Retirement

10 November 2020

How to build up a supplementary pension as a self-employed person

When it comes to statutory pensions, the self-employed are at the back of the queue with average pensions of just 751 EUR, gross... The good news is that you can do something about it. And like employees and civil servants, you can get tax benefits.

Being your own boss gives you the scope to do your own thing. The only hands on the steering wheel are yours. You choose the route and how much throttle you give it. Of course, with freedom comes responsibility. More so than is the case for civil servants and employees, you are responsible for thinking about your future. By which we mean your pension, of course.

The statutory pension does not amount to much these days. The average pension for a self-employed person currently amounts to just 751 euros gross. For an employee it is 1,281 euros gross and for a civil servant, it is 2,511 euros gross (for those with an uninterrupted labour status)*. When you factor in tax and other deductions, the net amount is far from enough to live comfortably.

More so than is the case for civil servants and employees, you are responsible for thinking about your future.

What are the alternatives?

You can aim for your business to become or remain successful for your entire working life. That is one strategy for building up a good amount of capital to enjoy life fully later on. However, no one can predict the future. That’s why most self-employed people are advised to build up a reserve in another way as well. Such as by saving for retirement.

Just like civil servants and employees, self-employed people can pay into the pension savings system every year. This can result in a tax benefit of 25 or 30% of your paid-in capital, depending on the amount you set aside (note: there are annual limits). However, there are also options that are, from a tax point of view, even more attractive for self-employed people.

In a nutshell

  • Do you not have a company? (For example, are you a one-man business or liberal professional?) Then you can opt for a Free Supplementary Pension for the Self-Employed (FSPSE) in combination with a Pension Agreement for the Self-Employed (PASE).
  • Do you have a company? Then you can take out a Individual Pension Commitment (IPC) on top of a FSPSE.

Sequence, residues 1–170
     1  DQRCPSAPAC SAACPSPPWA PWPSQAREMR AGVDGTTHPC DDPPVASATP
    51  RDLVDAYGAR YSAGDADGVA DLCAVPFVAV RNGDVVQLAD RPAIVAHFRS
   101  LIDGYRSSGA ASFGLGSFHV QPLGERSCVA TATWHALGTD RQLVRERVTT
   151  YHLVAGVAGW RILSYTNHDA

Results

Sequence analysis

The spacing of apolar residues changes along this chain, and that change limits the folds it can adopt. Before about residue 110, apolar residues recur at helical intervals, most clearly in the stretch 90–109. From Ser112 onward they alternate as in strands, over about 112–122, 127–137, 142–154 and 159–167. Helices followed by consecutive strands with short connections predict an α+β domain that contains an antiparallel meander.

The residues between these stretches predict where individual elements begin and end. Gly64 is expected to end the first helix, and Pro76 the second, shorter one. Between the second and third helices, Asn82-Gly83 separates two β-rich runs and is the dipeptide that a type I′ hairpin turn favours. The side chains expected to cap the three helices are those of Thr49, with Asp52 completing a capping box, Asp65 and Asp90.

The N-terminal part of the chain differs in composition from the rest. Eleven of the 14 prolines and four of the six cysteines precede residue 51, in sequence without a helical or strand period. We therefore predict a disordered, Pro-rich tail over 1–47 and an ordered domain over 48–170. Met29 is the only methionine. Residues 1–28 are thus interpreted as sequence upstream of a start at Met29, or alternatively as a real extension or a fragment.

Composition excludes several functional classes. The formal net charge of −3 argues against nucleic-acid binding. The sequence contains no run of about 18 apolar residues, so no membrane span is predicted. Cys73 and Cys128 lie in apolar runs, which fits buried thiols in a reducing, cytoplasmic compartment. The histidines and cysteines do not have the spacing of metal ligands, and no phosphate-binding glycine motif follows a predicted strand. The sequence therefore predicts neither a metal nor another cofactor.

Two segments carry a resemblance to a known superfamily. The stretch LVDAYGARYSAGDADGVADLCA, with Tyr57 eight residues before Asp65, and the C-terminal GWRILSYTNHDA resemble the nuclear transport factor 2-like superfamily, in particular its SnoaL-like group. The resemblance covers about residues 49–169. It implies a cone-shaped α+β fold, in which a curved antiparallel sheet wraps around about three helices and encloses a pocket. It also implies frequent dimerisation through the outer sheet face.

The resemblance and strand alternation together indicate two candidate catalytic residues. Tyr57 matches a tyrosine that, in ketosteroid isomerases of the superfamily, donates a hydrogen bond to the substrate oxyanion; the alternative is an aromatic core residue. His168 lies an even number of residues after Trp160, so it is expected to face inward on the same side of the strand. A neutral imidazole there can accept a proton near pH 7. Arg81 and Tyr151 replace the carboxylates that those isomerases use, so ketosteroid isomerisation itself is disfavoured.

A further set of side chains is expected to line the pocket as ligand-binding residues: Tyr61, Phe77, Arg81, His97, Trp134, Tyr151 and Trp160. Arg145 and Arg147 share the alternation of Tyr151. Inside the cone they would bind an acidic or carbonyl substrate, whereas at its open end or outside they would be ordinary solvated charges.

For all self-employed persons

1. For all self-employed persons

You can opt for a Free Supplementary Pension for the Self-Employed (FSPSE).

A FSPSE is a Branch 21 product. This provides the opportunity of a guaranteed interest rate (on 1/8/2020 it was 1%), and the additional possibility of profit sharing. Subscribing to this option is open to self-employed people with and without a company.

In contrast to ordinary pension savings plans, the ceiling for a FSPSE is higher. You can therefore deposit more than 1,270 euros (note: this is the 2020 maximum for ordinary pension savings). The payments are tax deductible, although there is a maximum of 8.17% of net taxable income (the 2020 maximum is 3,291.30 euros).

With a FSPSE you also pay less in social security contributions. The income on which these contributions is calculated decreases because the premium for the FSPSE is deducted from it.


2. Do you not have a company?

Combine your FSPSE with a Pension Agreement for the Self-Employed (PASE).

Depending on your preference, the premiums you deposit in a PASE will go into a Branch 21 or Branch 23 product, or a combination of both. A Branch 21 product offers the prospect of a guaranteed interest rate (at 1/11/2020 it was 1%), and the additional possibility of profit sharing. A Branch 23 product is an investment which does not guarantee either your return or your capital. However, with higher risk comes higher potential returns.

From 2018, self-employed persons without a company have been able to opt for this formula, in addition to having a FSPSE. This solution is therefore for those who have one-person businesses, independent professionals as well as their assisting spouses.

The deposits you make into a PASE can result in a tax reduction of up to 30%. If you deposit 1,000 euros, you can enjoy a tax benefit of 300 euros. In theory you can deposit as much as you like, although you do have to take the so-called ‘80% rule’ into consideration. This means that the sum of your statutory pension, the capital in your FSPSE and PASE may not exceed 80% of your average income over the past 3 years.


3. Do you have a company?

Then you can take out a Individual Pension Commitment (IPC) on top of a FSPSE.

Depending on your preference, the premiums you pay for an IPC go into a Branch 21 or Branch 23 product, or a combination of both. A Branch 21 product offers the prospect of a guaranteed interest rate (at 1/11/2020 it was 1%), and the additional possibility of profit sharing. A Branch 23 product is an investment which does not guarantee either your return or your capital. However, with higher risk comes higher potential returns.

You can opt for this formula if you have a company (public limited company, private limited company, cooperative company with limited liability, etc.). In this scenario, your company is the policyholder, while you yourself are the insured (and therefore the beneficiary).

The premiums are paid by your company. These payments may be fully deductible as a business cost. This reduces the company's profit, which in turn becomes a tax benefit. Again, you must take an 80% rule into account: the total of your statutory pension, and all the capital in your FSPSE and IPC may not exceed 80% of your gross income from the previous year.

If certain conditions are met, an IPC can also have several other benefits. For example, the premiums paid by the company cannot be taxed as in-kind benefits on your private income. You can also request an advance for private use from your reserve to buy, build or renovate a house.

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